'Memoria e Luce'
A twisted steel beam from the wreckage of the World Trade Center is the centerpiece of this memorial for those who died on September 11, 2001.
The terrorist attacks on four targets in the United States on September 11, 2001, shocked the world. In the years since the tragedy, numerous monuments have been erected in the U.S. and other locations around the world. One can be found in Padua, Italy, a glass sculptural installation known as Memoria e Luce (Memory and Light).
The location is not as surprising as it may initially seem. The U.S. has maintained military facilities in Italy since World War II, many in the Veneto region where Padua is located. In the Venice Biennale of 2002, a steel beam that was completely bent and recovered from the rubble of the World Trade Center was exhibited. The steel beam is 19.6 feet long and has construction number 408. The first ideas for erecting a memorial came up at the Biennale. At the end of the Biennale, the U.S. State Department gave the Veneto region this steel beam as a gift.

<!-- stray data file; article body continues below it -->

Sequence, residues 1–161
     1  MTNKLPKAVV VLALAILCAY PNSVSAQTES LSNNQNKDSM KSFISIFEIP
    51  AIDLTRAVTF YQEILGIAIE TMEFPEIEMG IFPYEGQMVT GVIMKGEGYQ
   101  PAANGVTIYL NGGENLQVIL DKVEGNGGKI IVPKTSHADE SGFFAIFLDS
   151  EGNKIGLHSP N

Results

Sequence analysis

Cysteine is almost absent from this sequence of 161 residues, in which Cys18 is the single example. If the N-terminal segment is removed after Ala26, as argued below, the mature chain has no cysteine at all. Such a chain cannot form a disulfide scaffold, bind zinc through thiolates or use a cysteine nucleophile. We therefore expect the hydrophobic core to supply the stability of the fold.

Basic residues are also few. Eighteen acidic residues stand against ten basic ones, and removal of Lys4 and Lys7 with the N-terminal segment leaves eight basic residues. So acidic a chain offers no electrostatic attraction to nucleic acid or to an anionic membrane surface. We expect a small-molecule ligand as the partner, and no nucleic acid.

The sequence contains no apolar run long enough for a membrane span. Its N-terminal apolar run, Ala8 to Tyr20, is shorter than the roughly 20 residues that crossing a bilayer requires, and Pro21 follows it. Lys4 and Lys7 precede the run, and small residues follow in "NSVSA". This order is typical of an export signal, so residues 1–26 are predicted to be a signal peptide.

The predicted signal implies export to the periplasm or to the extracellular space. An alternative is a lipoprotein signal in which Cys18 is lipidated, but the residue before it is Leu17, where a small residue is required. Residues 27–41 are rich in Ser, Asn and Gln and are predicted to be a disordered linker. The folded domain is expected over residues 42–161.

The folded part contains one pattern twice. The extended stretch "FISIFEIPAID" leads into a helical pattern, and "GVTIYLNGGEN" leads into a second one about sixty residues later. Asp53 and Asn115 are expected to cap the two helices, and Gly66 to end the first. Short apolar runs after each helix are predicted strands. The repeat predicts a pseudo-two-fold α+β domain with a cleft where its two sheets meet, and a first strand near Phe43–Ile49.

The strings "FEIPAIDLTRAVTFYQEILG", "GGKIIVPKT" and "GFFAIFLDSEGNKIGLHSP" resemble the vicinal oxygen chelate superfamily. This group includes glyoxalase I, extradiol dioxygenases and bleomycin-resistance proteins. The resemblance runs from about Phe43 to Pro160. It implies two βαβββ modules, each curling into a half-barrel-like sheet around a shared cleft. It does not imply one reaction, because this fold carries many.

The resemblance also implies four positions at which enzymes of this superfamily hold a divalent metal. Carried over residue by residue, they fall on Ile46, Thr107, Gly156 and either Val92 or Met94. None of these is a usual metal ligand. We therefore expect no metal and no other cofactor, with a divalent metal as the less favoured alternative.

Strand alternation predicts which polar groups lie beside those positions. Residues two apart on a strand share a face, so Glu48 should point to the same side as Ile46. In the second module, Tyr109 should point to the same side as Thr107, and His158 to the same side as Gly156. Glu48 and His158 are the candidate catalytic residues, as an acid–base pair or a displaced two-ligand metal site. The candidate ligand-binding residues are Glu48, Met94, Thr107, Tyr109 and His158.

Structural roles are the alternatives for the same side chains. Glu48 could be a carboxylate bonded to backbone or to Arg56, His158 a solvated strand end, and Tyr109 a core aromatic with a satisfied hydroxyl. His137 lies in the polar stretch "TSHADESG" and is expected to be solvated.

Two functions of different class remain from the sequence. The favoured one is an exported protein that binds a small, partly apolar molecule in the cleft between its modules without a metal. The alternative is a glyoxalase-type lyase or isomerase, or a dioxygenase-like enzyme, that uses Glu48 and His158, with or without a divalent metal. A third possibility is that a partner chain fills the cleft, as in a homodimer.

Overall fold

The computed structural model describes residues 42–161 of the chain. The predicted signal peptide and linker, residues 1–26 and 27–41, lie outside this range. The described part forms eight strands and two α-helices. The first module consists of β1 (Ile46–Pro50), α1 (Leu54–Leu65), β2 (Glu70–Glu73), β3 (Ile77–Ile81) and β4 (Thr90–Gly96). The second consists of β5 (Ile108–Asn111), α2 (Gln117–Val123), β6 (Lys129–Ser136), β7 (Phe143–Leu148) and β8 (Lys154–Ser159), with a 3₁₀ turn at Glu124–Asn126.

The Polish-American architect Daniel Libeskind was commissioned to create a monument using the steel beam. He designed Memoria e Luce as an open book, which also reflects the facade of the World Trade Center. Steel beam No. 408 is incorporated on one page of the book. The open page of the book, which is meant to recall the book in the hands of the Statue of Liberty, points in the direction of New York City.
The monument was inaugurated on September 11, 2005. Since then, it has been a reminder during the day and radiates the light of hope at night.
Know Before You Go
The memorial can be visited at all times.
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